*Shell to appeal carbon emission restriction ruling

Brent, Nigeria’s oil price benchmark steadied at $69.14 yesterday after a coronavirus-driven fall on Monday that saw prices tumble to an eight-week low of $68.62 per barrel.

The commodity’s upward trajectory was reversed with the latest virus waves demonstrating the uneven nature of the economic recovery, with the American Bank, Goldman Sachs, saying the delta variant may curb global oil demand by one million barrels a day for a couple of months.

But the fall from a multi-year high of $77 may not all be bad news for Nigeria, which recently expressed its discomfort over the rising price of the commodity, explaining that as a resource-dependent country, it’s not in its interest for prices to rise above its comfort zone.

Group Managing Director of the Nigerian National Petroleum Corporation (NNPC), Mallam Mele Kyari, recently raised the alarm over the rising oil price, saying it was bad for nations like Nigeria since buyers of the country’s crude will either resort to buying less or start the search for alternatives.

Kyari had put the oil price band with which Nigeria will be comfortable with at between $50 to $60, even as Nigeria’s gains from increasing international prices of the product have also been wiped out by payment of petrol subsidy which recently hit N120 billion monthly.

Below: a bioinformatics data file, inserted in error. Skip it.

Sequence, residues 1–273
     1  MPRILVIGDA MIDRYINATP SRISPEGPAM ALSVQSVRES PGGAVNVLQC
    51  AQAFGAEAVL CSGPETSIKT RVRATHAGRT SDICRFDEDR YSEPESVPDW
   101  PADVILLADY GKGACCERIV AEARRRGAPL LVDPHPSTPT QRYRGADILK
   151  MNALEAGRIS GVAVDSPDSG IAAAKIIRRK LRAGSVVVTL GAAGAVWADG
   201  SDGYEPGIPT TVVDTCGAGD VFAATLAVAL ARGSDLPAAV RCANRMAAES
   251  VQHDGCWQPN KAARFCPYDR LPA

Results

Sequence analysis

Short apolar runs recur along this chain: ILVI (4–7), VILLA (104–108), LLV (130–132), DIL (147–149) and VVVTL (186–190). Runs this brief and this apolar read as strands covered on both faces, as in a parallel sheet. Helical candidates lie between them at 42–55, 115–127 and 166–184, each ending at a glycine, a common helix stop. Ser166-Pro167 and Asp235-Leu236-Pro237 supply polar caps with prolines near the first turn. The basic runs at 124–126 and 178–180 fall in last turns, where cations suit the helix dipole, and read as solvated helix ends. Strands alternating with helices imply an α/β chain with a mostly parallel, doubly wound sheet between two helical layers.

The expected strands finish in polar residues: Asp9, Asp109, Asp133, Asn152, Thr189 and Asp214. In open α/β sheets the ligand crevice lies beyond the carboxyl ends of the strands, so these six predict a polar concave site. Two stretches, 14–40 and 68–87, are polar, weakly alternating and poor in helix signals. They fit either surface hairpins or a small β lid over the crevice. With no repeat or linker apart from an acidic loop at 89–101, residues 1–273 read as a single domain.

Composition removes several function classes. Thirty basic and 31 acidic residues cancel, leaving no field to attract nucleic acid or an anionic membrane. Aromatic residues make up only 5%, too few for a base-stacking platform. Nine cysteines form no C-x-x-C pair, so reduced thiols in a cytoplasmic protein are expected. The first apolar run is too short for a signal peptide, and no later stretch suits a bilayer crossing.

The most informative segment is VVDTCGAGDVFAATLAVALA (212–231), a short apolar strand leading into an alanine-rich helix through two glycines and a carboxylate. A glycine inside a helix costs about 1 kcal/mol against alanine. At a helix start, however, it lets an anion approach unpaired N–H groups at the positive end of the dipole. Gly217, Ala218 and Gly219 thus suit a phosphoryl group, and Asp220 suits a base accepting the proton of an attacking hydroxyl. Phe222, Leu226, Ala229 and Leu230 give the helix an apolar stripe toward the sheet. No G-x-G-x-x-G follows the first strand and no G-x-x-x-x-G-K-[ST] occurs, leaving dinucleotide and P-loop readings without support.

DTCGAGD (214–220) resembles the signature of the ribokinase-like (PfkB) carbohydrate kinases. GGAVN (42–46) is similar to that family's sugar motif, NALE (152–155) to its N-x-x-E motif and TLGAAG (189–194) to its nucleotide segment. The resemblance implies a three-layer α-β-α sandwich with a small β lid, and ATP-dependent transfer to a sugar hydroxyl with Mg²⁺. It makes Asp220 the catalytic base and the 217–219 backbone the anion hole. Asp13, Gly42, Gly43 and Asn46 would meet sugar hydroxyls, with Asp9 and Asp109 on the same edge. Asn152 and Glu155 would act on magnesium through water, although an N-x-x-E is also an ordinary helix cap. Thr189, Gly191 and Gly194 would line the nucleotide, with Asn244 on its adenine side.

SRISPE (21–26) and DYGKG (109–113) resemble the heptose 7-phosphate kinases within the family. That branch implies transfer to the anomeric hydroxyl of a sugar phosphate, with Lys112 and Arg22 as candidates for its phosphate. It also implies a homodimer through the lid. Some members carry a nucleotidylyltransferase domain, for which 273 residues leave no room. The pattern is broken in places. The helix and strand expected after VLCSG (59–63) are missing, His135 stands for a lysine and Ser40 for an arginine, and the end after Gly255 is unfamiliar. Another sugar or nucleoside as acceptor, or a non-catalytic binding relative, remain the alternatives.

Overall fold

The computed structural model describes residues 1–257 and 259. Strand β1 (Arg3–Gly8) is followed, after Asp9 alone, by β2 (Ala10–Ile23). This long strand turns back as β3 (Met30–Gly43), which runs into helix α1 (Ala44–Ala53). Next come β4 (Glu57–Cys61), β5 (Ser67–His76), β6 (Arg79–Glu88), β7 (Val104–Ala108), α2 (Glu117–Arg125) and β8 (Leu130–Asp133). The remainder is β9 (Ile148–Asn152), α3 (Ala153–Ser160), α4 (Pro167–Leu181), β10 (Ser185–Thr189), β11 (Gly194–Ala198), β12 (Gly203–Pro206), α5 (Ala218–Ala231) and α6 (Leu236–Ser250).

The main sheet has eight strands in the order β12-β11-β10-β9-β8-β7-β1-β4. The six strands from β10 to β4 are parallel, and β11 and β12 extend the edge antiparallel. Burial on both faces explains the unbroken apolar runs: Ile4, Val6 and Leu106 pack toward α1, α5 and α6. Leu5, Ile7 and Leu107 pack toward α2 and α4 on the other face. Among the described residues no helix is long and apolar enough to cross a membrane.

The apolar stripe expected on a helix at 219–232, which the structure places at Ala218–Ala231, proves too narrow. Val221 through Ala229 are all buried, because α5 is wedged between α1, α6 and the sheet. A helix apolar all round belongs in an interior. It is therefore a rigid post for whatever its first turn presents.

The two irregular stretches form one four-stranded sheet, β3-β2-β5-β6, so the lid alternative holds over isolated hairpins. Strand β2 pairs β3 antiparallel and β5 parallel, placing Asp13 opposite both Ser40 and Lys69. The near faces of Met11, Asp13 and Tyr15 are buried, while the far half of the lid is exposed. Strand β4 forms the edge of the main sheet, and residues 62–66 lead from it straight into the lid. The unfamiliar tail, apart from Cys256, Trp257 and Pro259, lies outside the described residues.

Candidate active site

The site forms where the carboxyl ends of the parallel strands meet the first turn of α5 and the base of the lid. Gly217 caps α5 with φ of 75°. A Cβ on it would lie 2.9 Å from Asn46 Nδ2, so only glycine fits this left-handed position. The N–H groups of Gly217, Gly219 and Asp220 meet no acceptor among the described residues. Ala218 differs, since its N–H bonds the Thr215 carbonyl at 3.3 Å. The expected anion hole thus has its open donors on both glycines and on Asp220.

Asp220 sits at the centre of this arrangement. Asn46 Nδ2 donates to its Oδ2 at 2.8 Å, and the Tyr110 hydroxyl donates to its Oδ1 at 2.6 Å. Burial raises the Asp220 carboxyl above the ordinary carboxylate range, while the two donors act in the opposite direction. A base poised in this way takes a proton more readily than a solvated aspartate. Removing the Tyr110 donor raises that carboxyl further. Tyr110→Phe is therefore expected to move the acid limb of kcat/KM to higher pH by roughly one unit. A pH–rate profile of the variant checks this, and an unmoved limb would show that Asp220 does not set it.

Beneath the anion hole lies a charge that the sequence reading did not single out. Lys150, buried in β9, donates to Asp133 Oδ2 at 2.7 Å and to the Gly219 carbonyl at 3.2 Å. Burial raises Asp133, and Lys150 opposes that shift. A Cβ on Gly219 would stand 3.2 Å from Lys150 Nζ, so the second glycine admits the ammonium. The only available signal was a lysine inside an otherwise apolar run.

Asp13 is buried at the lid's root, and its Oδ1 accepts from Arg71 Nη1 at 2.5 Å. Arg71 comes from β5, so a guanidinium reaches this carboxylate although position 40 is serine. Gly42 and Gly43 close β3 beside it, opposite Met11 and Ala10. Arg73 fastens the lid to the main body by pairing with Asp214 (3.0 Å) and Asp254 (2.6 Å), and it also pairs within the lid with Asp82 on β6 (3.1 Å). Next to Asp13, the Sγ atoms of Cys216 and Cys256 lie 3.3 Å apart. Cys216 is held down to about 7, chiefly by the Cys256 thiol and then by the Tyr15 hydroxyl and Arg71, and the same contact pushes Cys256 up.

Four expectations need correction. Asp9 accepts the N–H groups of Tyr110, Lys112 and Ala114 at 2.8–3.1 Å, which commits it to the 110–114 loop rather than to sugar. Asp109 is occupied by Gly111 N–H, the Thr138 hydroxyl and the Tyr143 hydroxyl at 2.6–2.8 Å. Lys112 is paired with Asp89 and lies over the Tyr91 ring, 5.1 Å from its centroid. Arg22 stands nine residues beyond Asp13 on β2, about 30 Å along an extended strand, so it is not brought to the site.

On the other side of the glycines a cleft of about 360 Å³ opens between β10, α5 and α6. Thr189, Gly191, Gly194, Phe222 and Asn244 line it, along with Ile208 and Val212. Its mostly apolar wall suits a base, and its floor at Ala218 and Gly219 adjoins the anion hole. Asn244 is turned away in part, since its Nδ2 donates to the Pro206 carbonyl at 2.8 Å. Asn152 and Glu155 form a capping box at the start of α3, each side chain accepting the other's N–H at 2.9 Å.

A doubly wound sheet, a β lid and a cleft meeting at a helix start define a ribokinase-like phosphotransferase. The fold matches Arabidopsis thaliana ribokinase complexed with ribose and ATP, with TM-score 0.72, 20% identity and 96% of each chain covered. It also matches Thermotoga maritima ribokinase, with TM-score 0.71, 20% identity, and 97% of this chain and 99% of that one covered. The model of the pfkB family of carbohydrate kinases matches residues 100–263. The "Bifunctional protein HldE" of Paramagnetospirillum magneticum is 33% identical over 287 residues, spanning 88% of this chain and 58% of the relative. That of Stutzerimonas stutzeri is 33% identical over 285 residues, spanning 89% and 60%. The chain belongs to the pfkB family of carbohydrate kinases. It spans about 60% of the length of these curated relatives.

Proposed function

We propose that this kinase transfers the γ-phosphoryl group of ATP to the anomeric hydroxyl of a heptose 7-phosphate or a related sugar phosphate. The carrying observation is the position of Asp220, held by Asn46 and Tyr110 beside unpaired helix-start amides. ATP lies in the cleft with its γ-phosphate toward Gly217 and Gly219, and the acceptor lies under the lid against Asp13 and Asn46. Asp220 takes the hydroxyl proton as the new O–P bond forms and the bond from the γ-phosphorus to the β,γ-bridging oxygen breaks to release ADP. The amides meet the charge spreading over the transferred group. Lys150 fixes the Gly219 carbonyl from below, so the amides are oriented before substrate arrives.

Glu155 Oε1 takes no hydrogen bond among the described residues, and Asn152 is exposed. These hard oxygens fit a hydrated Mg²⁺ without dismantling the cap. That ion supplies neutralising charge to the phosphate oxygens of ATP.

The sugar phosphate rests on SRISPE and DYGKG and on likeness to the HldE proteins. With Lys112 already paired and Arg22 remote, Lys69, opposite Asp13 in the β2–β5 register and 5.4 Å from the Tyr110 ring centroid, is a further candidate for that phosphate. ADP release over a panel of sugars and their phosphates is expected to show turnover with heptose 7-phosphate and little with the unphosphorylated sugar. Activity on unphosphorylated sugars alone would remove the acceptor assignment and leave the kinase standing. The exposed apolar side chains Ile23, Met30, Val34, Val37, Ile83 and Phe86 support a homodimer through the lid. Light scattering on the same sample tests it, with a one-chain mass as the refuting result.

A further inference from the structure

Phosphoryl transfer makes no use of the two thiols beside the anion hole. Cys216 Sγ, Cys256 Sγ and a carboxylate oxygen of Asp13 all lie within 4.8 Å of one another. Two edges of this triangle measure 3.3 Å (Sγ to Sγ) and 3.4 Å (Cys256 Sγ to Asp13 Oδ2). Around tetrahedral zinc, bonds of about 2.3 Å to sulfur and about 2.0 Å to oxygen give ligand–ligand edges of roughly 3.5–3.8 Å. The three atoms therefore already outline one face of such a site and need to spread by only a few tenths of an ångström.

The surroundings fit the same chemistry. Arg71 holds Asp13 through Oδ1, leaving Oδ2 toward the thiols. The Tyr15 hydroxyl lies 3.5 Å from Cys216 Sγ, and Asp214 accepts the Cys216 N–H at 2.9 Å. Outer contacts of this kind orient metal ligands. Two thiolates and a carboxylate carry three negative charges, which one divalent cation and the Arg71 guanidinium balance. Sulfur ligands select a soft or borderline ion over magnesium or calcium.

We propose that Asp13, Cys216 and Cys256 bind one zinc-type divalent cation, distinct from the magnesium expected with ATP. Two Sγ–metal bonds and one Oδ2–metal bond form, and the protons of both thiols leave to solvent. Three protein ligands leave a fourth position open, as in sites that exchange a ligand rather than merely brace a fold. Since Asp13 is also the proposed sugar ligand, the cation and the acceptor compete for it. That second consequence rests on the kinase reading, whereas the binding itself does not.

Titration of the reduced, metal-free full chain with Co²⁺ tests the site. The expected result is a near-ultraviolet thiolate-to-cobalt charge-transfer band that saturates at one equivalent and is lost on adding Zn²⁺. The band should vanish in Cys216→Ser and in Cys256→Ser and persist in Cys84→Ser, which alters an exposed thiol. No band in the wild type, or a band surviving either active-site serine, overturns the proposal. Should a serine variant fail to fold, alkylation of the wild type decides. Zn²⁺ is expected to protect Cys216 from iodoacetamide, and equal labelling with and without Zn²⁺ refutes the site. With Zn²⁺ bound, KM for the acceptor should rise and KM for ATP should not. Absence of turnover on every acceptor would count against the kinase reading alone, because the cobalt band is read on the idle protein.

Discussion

Monday’s decline had also followed the agreement reached by the Organisation of the Petroleum Exporting Countries and allies (OPEC+) to increase oil production by 400,000 barrels per day starting from August 2021.

Although the OPEC+ deal was expected to see prices rise again to its pre-pandemic levels, the new strain could hit demand for oil.

Goldman Sachs said the OPEC+ deal to boost oil supply supports its view on oil prices and expects modest “upside” to its $80 per barrel summer Brent price forecast and a $5 upside to its $75 per barrel forecast in 2022.

Meanwhile, Royal Dutch Shell yesterday confirmed that it will appeal a Dutch court ruling ordering the energy company to accelerate its carbon emission reduction target.

Shell had previously said it would appeal the May 26 ruling ordering it to reduce greenhouse gas emissions by 45 per cent by 2030 from 2019 levels, significantly faster than its current plans.
The Anglo-Dutch company also said it would seek to ramp up its energy transition strategy in the wake of the ruling.

Shell Chief Executive, Ben van Beurden said in a statement yesterday that although the company had already put plans in place to cut its exposure to the fossil fuels industry, the court’s decision could upset its programme towards the 2050 date.

“We agree urgent action is needed and we will accelerate our transition to net zero. But we will appeal because a court judgment, against a single company is not effective. What is needed are clear, ambitious policies that will drive fundamental change across the whole energy system,” he said.

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